Delta Air Lines Resume Operations After 150 Flights Canceled, More Expected

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A computer glitch in the systems of Delta Air Lines led to 150 domestic flights being canceled across the country along with numerous delays at the Minneapolis-St. Paul International Airport. The company attributed the issue to an automation issue. More cancellations are expected in the days to come, with the company adding that not all delays and cancellations were being reflected in its systems, on the app, on airport information screens or through reservation agents.

According to Delta’s social media handle, flights began departing again as the glitch was resolved at around 11 P.M. However, over 25 flight delays and some entirely canceled flights left passengers in a limbo on Sunday.

Delta CEO Ed Bastian issued a statement expressing his apologies to all the stranded travelers who had been “impacted by this frustrating situation”.

“This type of disruption is not acceptable to the Delta family who prides itself on reliability and customer service. I also want to thank our employees who are working tirelessly to accommodate our customers,” Bastian added.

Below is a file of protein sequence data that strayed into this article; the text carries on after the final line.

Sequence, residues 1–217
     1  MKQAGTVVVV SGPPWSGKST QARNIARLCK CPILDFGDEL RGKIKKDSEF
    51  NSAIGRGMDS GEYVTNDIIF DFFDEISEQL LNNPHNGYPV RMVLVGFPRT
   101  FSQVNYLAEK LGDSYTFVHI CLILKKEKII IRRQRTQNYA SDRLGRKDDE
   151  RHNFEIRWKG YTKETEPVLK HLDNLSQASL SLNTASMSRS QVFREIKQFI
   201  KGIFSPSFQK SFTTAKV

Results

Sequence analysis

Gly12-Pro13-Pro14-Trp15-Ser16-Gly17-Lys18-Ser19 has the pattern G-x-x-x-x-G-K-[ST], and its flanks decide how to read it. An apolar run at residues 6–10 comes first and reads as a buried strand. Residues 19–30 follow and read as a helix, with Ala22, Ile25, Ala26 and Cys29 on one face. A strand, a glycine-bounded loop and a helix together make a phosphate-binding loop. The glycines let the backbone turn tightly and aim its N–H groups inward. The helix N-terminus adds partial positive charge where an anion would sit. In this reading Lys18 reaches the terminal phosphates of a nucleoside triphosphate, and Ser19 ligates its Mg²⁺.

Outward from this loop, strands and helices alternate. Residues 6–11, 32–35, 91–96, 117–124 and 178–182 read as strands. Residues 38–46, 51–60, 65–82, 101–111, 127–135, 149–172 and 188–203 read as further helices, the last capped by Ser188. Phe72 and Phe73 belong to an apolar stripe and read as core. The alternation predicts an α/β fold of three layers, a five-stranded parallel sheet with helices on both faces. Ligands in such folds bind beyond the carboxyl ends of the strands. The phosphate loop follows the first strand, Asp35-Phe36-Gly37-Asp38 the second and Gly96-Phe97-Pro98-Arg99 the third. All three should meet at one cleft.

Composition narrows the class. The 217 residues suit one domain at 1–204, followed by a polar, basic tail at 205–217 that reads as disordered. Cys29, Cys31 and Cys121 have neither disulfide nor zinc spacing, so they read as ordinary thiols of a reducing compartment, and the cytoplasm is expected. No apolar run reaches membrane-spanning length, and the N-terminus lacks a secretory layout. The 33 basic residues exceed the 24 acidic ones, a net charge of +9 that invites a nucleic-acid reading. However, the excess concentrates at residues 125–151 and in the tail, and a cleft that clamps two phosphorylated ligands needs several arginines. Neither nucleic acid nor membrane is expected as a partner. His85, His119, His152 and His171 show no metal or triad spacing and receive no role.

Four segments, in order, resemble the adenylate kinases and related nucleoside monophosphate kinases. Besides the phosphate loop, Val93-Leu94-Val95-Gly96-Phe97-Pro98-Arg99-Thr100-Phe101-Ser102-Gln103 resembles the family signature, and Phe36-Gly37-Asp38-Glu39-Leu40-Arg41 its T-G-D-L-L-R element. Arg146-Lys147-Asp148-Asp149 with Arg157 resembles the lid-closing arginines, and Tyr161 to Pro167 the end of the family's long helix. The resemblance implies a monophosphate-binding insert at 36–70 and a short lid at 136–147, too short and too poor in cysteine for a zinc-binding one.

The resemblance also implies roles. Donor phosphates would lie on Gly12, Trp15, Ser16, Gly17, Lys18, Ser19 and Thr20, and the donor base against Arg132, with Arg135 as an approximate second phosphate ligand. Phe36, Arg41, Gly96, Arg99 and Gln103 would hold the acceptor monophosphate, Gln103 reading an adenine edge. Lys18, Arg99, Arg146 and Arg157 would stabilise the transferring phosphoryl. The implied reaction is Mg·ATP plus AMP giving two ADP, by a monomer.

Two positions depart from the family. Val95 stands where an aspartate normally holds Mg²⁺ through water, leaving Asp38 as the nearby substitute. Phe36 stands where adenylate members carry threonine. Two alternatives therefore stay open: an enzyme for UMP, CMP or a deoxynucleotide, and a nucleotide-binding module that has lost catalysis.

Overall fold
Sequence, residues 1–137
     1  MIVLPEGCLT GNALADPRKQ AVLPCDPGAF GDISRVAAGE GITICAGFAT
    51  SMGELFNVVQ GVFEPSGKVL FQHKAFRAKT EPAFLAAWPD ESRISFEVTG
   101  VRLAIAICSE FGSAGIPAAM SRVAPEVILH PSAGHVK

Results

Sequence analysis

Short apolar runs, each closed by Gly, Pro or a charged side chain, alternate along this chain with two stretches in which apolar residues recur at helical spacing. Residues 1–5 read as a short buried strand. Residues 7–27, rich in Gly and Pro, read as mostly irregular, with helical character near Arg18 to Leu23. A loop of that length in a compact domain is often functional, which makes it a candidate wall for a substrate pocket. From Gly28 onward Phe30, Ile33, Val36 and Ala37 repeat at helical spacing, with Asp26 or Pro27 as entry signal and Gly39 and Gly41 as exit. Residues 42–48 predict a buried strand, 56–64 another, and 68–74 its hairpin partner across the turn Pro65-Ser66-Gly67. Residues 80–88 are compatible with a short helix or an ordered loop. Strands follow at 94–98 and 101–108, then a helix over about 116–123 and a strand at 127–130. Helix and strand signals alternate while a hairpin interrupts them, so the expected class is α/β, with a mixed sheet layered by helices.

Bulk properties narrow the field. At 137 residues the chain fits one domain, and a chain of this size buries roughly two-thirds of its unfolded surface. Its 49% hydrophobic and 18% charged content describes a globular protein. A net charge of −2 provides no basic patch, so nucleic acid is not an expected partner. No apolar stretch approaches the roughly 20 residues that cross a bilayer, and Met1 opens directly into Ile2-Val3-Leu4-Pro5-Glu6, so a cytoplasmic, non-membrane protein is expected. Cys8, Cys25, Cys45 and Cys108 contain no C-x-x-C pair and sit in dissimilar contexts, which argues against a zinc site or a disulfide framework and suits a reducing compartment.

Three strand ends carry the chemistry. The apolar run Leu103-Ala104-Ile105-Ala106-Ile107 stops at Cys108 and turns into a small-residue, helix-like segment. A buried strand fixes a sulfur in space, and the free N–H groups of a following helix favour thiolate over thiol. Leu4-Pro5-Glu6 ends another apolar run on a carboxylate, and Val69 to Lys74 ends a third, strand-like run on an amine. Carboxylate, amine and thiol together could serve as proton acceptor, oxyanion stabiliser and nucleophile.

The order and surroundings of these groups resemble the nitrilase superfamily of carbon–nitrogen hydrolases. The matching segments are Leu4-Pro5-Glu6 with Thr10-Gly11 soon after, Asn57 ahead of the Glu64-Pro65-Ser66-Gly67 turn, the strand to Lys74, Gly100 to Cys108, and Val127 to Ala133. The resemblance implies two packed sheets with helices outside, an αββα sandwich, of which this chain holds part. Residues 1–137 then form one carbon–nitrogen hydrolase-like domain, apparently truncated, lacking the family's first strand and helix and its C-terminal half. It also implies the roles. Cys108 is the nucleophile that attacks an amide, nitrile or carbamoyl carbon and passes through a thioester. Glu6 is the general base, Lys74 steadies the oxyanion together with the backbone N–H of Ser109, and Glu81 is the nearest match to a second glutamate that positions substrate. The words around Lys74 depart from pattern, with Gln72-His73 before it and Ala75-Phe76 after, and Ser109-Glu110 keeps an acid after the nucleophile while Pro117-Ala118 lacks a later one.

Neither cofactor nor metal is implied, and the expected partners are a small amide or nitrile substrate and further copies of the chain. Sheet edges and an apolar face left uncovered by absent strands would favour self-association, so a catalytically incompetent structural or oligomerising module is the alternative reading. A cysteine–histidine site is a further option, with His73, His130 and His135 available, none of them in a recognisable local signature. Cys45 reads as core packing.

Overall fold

“Some customers are experiencing delays upon landing, particularly at Delta’s hub airports,” the airport announced. “Delta apologizes to customers for the inconvenience”.

It is noteworthy that Atlanta is Delta’s largest hub.

Social media reports showed flight disruptions at airports in Atlanta, New York City, Houston, Tucson, Austin, and some other U.S. cities.

Although the service resumed about an hour prior to midnight, the MSP website showed that five flights were canceled as of 11:30 P.M., with three still delayed.

The travelers were left waiting for hours with little information about the situation of the outage. After enraged passengers took to social media to express their displeasure over the delay, a representative on Delta’s official Twitter handle told them that the systems were down and that the company’s IT department was working to rectify the glitch. A company news release at about 8:45 P.M. assured the passengers that it was “expeditiously working to fix a systems outage that has resulted in departure delays” without pointing out the time it would take to resolve the issue.